World's largest flawless diamond could sell for $20m or more

The diamond

The largest flawless diamond ever to be auctioned is set to go under the hammer in May at Christie's in Geneva. It is expected to sell for a small fortune, because perfect diamonds like this are incredibly rare - and ones of this size are almost unheard of.

So what will it fetch, and how does it compare with the most expensive diamonds ever sold?%VIRTUAL-SkimlinksPromo%

The diamond

The pear-shaped diamond weighs an incredible 101.73 carats. It was carved from a 236-carat rough diamond found in Botswana, which took 21 months to polish. However, it's not just the size of the diamond that makes it so rare - it's of exceptional quality too.

It meets every criteria of perfection, and has been graded by the Gemological Institute of America with the best colour, D, and the best clarity, Flawless. It is also unusually brilliant, because of a rare chemical make-up.

The combination of size and quality means it is one of a handful of gems of this type. Plus, the person who buys it gets to name it, which will offer them a place in gem history.

How does it compare?

It goes down as one of the finest diamonds Christie's has ever sold. The current auction record for a colourless diamond was set by the historical 76.02 carats cushion-shaped Archduke Joseph Diamond when it sold for US$21.5 million at Christie's Geneva in November 2012. This one had a bit more history on its side - but was smaller and of lower grade.

The record for a flawless diamond is held by one around half the size of this, which sold for almost $9.5 million in New York in October last year.

It is likely to be one of the largest flawless diamonds ever to come to auction, as exceptional gems tend to be reserved for royalty. The world's most famous pear-shaped diamond is the Cullinan I, a colourless 530.20 carat diamond, which forms part of the Crown Jewels. This is also the largest colourless diamond known.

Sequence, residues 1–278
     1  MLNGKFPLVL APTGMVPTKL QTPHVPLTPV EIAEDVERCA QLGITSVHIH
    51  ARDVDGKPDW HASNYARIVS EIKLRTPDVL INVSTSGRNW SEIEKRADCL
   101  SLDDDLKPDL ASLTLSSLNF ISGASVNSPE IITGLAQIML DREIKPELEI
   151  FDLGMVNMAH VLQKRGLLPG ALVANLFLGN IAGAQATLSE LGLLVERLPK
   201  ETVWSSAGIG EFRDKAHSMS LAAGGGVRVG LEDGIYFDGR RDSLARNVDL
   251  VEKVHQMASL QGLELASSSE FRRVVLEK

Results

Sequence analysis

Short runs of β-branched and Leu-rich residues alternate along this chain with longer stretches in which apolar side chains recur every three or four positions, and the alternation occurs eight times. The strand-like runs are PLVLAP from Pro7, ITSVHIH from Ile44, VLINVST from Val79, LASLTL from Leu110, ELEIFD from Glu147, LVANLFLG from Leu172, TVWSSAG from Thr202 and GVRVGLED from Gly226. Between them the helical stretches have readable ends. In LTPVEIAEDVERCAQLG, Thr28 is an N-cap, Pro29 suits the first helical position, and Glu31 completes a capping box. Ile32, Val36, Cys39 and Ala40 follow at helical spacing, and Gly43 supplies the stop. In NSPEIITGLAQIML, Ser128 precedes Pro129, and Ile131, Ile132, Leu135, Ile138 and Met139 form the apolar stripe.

However, size and quality are only part of the story. In December 2011, Christie's New York sold a 33.19 carat Elizabeth Taylor Diamond ring that the star wore virtually every day since receiving it as a gift from Richard Burton in 1968. This was far smaller, and yet fetched $8.8 million.

Christies told AOL that it expected to sell the gem for more than $20 million.

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World's richest women
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World's largest flawless diamond could sell for $20m or more

Christy Walton, 56, is the widow of John T Walton, one of the sons of Walmart founder Sam Walton.

She inherited John's fortune of $15.7 million when he died in June 2005 and now has an estimated net worth of about $25 billion, making her the tenth richest person in the world.

Liliane Bettencourt, 88, is France's richest woman with an estimated fortune of $23.5 billion.

Her wealth is due to being heir to the French cosmetics giant L'Oreal, which was founded by her father.

While Christy Walton's wealth is thanks to her marriage to John T Walton, Alice, 61, inherited her fortune directly from her father, Sam.

He founded Walmart, which now employs some 2.1 million people, in 1962 with his brother James. Alice's personal wealth is estimated at $20.9 billion.

When billionaire Andronico Luksic died of cancer in 2005, his second wife Iris became head of the family that controls Antofagasta, one of the world's largest copper miners.

Her fortune is thought to be worth about $19.2 billion.

Susanne Klatten, 48, is the daughter of Herbert Quandt, the man who rescued BMW from bankruptcy in the 1960s.

She also owns chemical manufacturer Altana, which she delisted from the stock market after inheriting 50% and increasing her stake to 100%. Her wealth is estimated at $14.6 billion.

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